There are many, many ways to monetize your music. As an artist you need to utilize as many of those ways as you possibly can… because all those fractions of pennies from streaming, publishing, public performance, neighboring rights, and YouTube do indeed add up eventually. An indispensable part of every artist’s revenue mix that pays off right away is physical product, and again, there are SO many options: vinyl, CDs, T-shirts (so many types!), hoodies, stickers, buttons, USBs, cassettes… the list goes on… and the income driving potential is real.


When you’re an independent artist buying your merch directly from your CD or merch provider, the profit margins are huge! One CD sale for $10 nets you $8 to $9 in profit. A T-shirt sale for $20 can easily net you $15. Those are profits you can reinvest – in renting practice space, buying gas, strings and drumheads, and that room at the Ramada Inn. Plus, who says you need to sell a shirt for $20 anyway? I’ve attended recent concerts where color T-shirts were being sold for $35 to $40! Can you imagine the margins?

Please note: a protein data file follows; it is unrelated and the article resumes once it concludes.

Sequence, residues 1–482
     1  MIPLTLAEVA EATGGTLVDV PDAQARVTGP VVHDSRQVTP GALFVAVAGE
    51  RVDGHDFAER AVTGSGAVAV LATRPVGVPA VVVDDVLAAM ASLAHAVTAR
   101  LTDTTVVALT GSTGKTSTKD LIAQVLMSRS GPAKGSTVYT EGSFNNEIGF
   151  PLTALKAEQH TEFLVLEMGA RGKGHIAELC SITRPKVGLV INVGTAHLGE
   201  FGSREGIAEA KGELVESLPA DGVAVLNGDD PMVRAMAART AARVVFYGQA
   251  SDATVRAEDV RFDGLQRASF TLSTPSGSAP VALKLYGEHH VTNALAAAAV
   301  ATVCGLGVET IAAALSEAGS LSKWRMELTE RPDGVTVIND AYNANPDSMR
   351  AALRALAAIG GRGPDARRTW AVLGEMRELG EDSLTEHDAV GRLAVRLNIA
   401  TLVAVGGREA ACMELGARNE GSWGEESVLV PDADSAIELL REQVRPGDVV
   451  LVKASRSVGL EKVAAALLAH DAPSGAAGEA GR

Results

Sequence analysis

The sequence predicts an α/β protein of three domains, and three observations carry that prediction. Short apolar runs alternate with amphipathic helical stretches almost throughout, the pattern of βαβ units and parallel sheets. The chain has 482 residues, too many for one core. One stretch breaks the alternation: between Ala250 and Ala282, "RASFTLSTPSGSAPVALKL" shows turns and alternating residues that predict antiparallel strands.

Let’s be honest, when a fan buys your vinyl or CD, they’re actually going to listen to your music on Spotify or Apple Music. But they buy your product because they want to support you as an artist. Today, your CD or vinyl is no longer a carrier medium for sound. It’s a souvenir. By buying your CD, it allows your fan to tell the story that “I was there.” When you autograph that CD, it allows your fan to tell their friends (or grandchildren) “I met this artist way back when.” It’s not a CD – it’s a $10 substrate for your autograph.


In the business world there are only a few iconic brands that inspire people to wear them on a T-shirt: Adidas, Apple, Nike, Coke, Harley Davidson. As an artist, your fans line up every day to buy YOUR brand and wear it, and advertise it. Selling T-shirts at your concerts creates a beautiful flywheel effect: the more merch you sell, the more money you make, and the more your brand gets promoted by your fans. Which gets more people listening to your music, coming to your concerts, and buying your merch.